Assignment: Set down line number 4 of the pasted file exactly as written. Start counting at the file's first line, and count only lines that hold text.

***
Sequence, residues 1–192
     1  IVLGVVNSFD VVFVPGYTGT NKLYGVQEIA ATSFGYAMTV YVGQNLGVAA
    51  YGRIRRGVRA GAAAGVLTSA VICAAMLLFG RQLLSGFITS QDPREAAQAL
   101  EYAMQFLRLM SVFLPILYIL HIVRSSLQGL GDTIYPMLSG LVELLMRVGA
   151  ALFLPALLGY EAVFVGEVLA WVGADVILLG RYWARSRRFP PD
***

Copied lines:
   101  EYAMQFLRLM SVFLPILYIL HIVRSSLQGL GDTIYPMLSG LVELLMRVGA